Recent figures on the state of poverty within the U.S. and throughout the world suggest that even though advancements in science and technology (S&T) have had a tremendous impact on human capacity, the overall impact of S&T on creating a more equitable world remains limited. Despite the importance of preparing socially responsible graduates in science, technology, engineering, and mathematics (STEM) to address the current state of poverty and inequality, higher education research focused on STEM education has predominantly framed notions of student success with respect to the maintenance of U.S. global economic competitiveness, largely focusing on steering more students into the STEM disciplines and solely developing their STEM competencies to specifically fill workforce roles. The few studies that have examined the development of STEM students' outcomes critical to promoting a more equitable society have generally examined the impact of one program or course.
To address this gap in the literature, this study used frameworks of undergraduate socialization (Vreeland & Bidwell, 1966; Weidman, 1989, 1979) to examine the individual experiences and institutional contexts that affect STEM bachelor's degree recipients' development of two democratic educational outcomes seven years after college entry: social agency and values toward conducting research that will have a meaningful impact on underserved communities. In order to properly account for the nested structure of the data, this study employed multilevel modeling on a national sample of 6,341 STEM bachelor's degree recipients across 271 institutions. Longitudinal student data from the 2004 CIRP Freshman Survey and 2011 Post-Baccalaureate Survey was merged with institutional data from the Integrated Postsecondary Educational Data System and CIRP Faculty Surveys.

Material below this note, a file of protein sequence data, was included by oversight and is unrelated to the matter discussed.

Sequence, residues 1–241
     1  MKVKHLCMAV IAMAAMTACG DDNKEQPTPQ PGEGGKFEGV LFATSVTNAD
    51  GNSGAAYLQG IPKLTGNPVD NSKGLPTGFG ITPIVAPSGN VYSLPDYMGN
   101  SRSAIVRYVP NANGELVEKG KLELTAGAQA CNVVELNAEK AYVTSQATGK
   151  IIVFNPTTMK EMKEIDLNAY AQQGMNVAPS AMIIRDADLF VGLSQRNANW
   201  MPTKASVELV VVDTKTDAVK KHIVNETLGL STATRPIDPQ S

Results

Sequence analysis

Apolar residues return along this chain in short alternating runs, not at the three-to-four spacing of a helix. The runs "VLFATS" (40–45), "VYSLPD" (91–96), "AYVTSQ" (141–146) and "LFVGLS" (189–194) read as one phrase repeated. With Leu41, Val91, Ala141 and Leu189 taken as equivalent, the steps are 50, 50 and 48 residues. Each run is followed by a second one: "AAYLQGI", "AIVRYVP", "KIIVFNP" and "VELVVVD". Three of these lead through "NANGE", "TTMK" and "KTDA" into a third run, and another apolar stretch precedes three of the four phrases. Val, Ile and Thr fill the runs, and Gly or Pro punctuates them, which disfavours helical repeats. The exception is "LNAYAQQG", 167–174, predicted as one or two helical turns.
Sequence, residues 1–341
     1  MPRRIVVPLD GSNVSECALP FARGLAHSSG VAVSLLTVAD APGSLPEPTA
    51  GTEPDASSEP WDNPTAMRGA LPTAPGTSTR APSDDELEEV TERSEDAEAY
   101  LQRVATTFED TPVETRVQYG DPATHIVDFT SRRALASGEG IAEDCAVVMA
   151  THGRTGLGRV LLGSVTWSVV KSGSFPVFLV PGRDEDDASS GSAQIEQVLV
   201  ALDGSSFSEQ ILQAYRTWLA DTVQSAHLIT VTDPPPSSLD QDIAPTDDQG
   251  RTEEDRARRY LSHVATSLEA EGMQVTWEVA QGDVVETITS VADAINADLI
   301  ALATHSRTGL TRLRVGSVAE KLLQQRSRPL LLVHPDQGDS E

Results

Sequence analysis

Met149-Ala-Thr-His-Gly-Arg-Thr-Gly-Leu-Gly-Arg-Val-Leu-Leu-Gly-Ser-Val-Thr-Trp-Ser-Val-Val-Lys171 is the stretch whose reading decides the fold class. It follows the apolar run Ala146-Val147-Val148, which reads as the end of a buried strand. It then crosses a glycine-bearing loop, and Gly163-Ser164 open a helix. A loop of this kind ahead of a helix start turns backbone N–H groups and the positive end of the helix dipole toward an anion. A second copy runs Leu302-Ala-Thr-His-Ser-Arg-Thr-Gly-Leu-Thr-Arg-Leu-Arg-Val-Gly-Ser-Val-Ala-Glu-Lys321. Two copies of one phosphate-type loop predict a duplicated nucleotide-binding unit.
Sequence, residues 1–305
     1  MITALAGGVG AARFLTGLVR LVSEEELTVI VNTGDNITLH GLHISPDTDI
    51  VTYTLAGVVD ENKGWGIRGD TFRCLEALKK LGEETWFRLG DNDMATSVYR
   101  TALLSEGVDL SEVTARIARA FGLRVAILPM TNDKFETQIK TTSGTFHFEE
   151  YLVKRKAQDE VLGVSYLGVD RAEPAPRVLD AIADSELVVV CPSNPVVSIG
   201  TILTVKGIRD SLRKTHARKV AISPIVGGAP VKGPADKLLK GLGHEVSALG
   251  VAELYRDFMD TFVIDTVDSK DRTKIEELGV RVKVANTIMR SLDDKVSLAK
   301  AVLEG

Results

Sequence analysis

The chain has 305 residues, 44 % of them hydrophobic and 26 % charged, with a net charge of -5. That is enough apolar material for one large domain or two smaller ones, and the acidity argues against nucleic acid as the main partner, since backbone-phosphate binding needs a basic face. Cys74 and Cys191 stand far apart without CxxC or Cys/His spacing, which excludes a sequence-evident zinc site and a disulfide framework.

Various undergraduate socialization experiences and institutional contexts were found to influence STEM students' democratic educational outcomes, including academic majors, participation in student organizations and research, experiences with faculty, and peer and STEM faculty normative contexts. Findings suggest the importance of taking a comprehensive approach to supporting long-term student development by providing individual experiences and promoting institutional contexts that facilitate students' democratic educational outcomes. The findings have implications for curriculum and program development in STEM education to maximize the development of STEM students' values toward using research and sociopolitical involvement to promote a more equitable society.